Benefits Bulletin

Healthy Musts for a Lucky St. Patrick’s Day

March 13, 2017

Benefits Team

On March 17, many people commemorate the death of St. Patrick, patron saint of Ireland, by wearing green and decorating with shamrocks.  There are many traditional foods and drinks that accompany a St. Patrick’s Day celebration.  Some foods and drinks are healthier than others; knowing a few facts about each may help you make the most nutritious eating and drinking decisions on St. Patrick’s Day.

Eat Corned Beef in Moderation

One of the most common meals eaten on St. Patrick’s Day is corned beef. While a small 3-oz. portion of corned beef will supply about 15 g. of protein, as well as some iron and zinc, this meal can also be quite high in fat and salt.  One 3-oz. portion of corned beef contains a little over 16 g. of fat and 964 mg. of sodium.  If you choose to enjoy corned beef as part of your St. Patrick’s day celebration, stick to one serving so you do not eat more fat and salt than what is part of a nutritious meal.

Load Your Plate with Cabbage

Cabbage almost always accompanies corned beef as part of a traditional St. Patrick’s Day meal.  Eating plenty of vegetables is nutritious way to maintain your health, and loading up on the cabbage has only 17 calories and less than 1 g. of fat.  The same serving of cabbage supplies 1.4 g. of fiber and 147 mg. of potassium. Cabbage also contains calcium, magnesium, vitamin A and vitamin K.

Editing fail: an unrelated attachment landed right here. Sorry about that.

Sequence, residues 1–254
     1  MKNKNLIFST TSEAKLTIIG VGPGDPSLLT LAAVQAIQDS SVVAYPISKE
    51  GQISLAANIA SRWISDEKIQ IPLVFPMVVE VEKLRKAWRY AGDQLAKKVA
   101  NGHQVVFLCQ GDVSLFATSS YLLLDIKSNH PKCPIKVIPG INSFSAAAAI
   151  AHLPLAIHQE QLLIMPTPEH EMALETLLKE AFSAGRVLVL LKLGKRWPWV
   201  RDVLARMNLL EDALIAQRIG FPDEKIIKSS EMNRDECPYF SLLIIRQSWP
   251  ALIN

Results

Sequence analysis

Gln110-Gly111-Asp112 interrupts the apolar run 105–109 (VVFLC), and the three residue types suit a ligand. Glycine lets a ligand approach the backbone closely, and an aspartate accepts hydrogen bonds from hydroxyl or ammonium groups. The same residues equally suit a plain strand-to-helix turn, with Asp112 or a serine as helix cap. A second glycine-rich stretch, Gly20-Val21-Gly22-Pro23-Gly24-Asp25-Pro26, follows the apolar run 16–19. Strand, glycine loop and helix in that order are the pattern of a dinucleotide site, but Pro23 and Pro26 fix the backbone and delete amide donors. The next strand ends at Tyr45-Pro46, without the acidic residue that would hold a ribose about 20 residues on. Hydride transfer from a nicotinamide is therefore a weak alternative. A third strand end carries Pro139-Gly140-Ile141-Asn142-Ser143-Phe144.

Drink In Moderation

Alcohol has a starring role in many St. Patrick’s Day celebrations, and can be enjoyed as part of a nutritious diet as long as you stop after one drink if you are female or two drinks if you are male.  Mayo Clinic emphasizes that moderate amounts of alcohol may actually benefit your health, but drinking too much alcohol can lead to many health problems, including heart damage. One drink is equal to 12 oz. of beer, 5 oz. of wine or 1.5 oz. of spirits like whiskey or rum. Drink plenty of water with your alcohol as well.

Restrict Green Food Coloring

According to the Center for Science in the Public Interest, many food dyes are potentially dangerous and may even cause allergic reactions.  It recommends cutting back on food dyes in packaged foods, because there is research that suggest that artificial coloring may cause cancer or harm other systems in your body.  Green 3 dye is potential carcinogen, but is not used in many products outside of candy and beverages.  Blue and yellow dyes may also be used to create vibrant green color for foods like candy, baked goods, desserts and beverages.  Enjoy one green treat and pass on the rest.


  • “The Wearing of the Green: A History of St. Patrick’s Day”; Mike Cronin and Daryl Adair; 2006

  • Mayo Clinic: Alcohol Use: If You Drink, Keep It Moderate; March 2011

  • USDA: Beef, Cured, Corned Beef, Brisket, Cooked

  • USDA: Cabbage, Cooked, Boiled, Drained, Without Salt\

  • Center for Science in the Public Interest: Chemical Cuisine: Learn About Food Additives


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